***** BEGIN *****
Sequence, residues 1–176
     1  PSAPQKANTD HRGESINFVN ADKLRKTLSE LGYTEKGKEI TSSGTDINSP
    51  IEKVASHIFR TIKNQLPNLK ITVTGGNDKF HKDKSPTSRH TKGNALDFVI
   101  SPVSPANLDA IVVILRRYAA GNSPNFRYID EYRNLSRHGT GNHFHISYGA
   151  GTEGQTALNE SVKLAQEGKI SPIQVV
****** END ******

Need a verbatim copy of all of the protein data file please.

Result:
Sequence, residues 1–176
     1  PSAPQKANTD HRGESINFVN ADKLRKTLSE LGYTEKGKEI TSSGTDINSP
    51  IEKVASHIFR TIKNQLPNLK ITVTGGNDKF HKDKSPTSRH TKGNALDFVI
   101  SPVSPANLDA IVVILRRYAA GNSPNFRYID EYRNLSRHGT GNHFHISYGA
   151  GTEGQTALNE SVKLAQEGKI SPIQVV